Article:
• “There were served beef ribs, corn grilled in the husk, marinated tomatoes, and a scoop of macaroni.” “The meat was both sweet and spicy, the tomatoes tangy, but the corn and noodles were made most foul by butter and cheese” (page 136).  For dessert they were served pecan pie.
  • “I breathed deeply, but the air smelled no different – grilled onion stalks, boiling peanuts, millet in the pan, dinner in Pyongyang” (page 331)
  • Mentioned throughout the novel were peaches, although your guests will likely be reluctant to try them.

Book Club Resources for The Orphan Master’s Son


Ratings at the time this post was published

Goodreads: 3.95 stars (9686 ratings)
Amazon: 4.1 stars (465 ratings)
LibraryThing: 4.09 stars (89 ratings)

Purchase The Orphan Master’s Son at your favorite bookseller

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Discussion Questions for The Orphan Master’s Son from Randomhouse.com

  1. How much did you know about North Korea before reading The Orphan Master’s Son? How has it changed your perspective on life there?
  2. The Orphan Master’s Son has been characterized as a thriller, a love story, and a political dystopia. How would you classify the novel in terms of genre? How do you think each of these genres manifests itself in the book?
  3. Speaking of genre, Adam Johnson once categorized the novel as a “trauma narrative.” How do you interpret that term? Do you think it suitably describes the novel, and if so, in what ways?
  4. How did you feel about the inclusion of Kim Jong Il as a central character in the book? How would you say Johnson depicts him? Were you surprised by his portrayal?
  5. Discuss the differences between the first part of the novel, “The Biography of Jun Do,” and the second, “The Confessions of Commander Ga.”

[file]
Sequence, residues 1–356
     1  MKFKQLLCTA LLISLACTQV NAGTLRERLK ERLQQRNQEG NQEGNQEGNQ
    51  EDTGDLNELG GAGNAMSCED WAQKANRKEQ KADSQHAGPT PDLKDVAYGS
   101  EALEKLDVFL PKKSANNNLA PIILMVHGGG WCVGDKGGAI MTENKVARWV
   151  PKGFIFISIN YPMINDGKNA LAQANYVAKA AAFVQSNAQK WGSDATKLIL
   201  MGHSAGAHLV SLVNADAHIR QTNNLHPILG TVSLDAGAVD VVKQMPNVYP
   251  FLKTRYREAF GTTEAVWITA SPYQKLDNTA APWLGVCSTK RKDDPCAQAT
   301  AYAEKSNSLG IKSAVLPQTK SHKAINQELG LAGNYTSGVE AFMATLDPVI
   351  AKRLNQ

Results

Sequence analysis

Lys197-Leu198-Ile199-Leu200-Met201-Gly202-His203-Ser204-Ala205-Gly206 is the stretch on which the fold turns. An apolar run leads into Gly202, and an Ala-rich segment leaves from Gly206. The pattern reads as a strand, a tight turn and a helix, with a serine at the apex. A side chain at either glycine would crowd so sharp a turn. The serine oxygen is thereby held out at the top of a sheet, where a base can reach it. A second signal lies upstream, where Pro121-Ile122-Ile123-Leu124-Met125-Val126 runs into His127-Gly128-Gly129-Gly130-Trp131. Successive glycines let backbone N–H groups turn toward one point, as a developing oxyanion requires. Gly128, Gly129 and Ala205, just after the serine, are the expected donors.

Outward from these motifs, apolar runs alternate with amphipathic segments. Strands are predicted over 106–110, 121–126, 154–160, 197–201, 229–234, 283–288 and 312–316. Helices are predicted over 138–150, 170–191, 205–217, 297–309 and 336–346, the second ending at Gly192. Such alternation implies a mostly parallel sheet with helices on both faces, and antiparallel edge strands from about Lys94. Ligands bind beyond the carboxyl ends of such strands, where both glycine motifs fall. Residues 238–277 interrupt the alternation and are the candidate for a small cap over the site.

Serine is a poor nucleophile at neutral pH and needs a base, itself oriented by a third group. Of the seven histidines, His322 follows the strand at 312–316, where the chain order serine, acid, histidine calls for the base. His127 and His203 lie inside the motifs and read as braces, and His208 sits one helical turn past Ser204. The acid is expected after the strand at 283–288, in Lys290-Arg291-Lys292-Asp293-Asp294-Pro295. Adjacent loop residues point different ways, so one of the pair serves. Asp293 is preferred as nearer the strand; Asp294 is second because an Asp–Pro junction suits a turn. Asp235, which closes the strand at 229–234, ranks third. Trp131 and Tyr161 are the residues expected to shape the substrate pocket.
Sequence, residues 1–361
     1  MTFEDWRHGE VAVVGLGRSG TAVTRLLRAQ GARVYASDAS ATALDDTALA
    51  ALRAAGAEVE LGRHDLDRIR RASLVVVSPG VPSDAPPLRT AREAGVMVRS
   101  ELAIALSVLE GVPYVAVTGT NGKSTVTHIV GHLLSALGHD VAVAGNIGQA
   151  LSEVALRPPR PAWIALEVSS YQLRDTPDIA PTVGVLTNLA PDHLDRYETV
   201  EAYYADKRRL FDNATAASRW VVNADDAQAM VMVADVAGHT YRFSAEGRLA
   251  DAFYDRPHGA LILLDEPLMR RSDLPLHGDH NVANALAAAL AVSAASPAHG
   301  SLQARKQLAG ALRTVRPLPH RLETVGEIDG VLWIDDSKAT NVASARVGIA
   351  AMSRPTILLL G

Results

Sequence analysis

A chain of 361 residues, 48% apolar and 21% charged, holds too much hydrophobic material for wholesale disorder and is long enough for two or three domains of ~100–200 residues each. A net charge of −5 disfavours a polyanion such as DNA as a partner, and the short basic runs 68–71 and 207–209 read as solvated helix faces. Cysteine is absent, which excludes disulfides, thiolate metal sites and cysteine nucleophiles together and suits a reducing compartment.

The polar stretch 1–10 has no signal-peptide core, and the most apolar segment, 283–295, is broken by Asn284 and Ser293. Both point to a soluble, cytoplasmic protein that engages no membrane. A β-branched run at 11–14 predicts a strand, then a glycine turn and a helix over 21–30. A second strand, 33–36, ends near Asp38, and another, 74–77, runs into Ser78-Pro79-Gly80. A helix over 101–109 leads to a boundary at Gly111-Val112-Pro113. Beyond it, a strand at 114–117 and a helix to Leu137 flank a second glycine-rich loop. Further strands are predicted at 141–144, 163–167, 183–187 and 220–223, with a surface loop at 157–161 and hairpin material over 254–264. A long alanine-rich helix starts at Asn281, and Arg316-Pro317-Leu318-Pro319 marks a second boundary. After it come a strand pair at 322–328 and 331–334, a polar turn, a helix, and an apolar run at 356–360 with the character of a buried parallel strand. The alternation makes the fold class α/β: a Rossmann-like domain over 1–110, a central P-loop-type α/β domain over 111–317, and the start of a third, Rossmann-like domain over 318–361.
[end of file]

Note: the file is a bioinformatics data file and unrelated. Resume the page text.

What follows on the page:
6. How do the propaganda chapters, written as if spoken from a loudspeaker, play into your reading of the novel?
  7. What do you feel the first-person narrative contributed to the story? Did you feel more or less removed from a world so closely guarded?
  8. Reviewers have drawn comparisons between The Orphan Master’s Son and classic dystopian novels such as Nineteen Eighty-Four and Brave New World. Are these apt comparisons? Does Johnson’s fiction, which is based on fact, have a different impact from that of novels which center on invented worlds?
  9. At one point, Dr. Song says to Jun Do, “Where we are from, stories are factual. If a farmer is declared a music virtuoso by the state, everyone had better start calling him maestro. And secretly, he’d be wise to start practicing the piano. For us, the story is more important than the person. If a man and his story are in conflict, it is the man who must change.” What does this mean in the context of the novel?
  10. In one of the most poignant and powerful moments in the book, one of the interrogators remembers the way in which his father explained life in North Korea: “Even if we walked this path side by side, he said, we must act alone on the outside, while on the inside, we would be holding hands.” What does the quote imply about the reality of living in such a repressive society? How does it speak to humanness in the face of inhumanity?
  11. Discuss the significance of “Jun Do” as a homonym for “John Doe,” the Western name for the unnamed and the everyman.
  12. Discuss Jun Do’s physical and emotional journey, and his transformation from the beginning of the novel to the end.
  13. One critic described The Orphan Master’s Son as “darkly comedic,” and another as, at times, “ridiculously funny.” How do you feel about the use of comedy in conjunction with the brutality of the novel?
  14. How should the rest of the world respond to the violence and tyranny of present-day North Korea? Do we have a moral obligation to intervene? What can we do to help the people of North Korea without supporting its government?

The Author


  Adam Johnson teaches creative writing at Stanford University. His fiction has appeared in Esquire, The Paris Review, Harper’s, Tin House, Granta, and Playboy, as well as The Best American Short Stories. His other works include Emporium, a short-story collection, and the novel Parasites Like Us. He lives in San Francisco.

Other Works by Adam Johnson


Favorite Quotes from The Orphan Master’s Son

“When the dogs returned, the Senator gave them treats from his pocket, and Jun Do understood that in communism, you’d threaten a dog into compliance, while in capitalism, obedience is obtained through bribes” (page 136).


Do you have any other ideas or recipes for a book club party for The Orphan Master’s Son? We would love to have you share them with us! You can leave a comment below and upload pictures as well.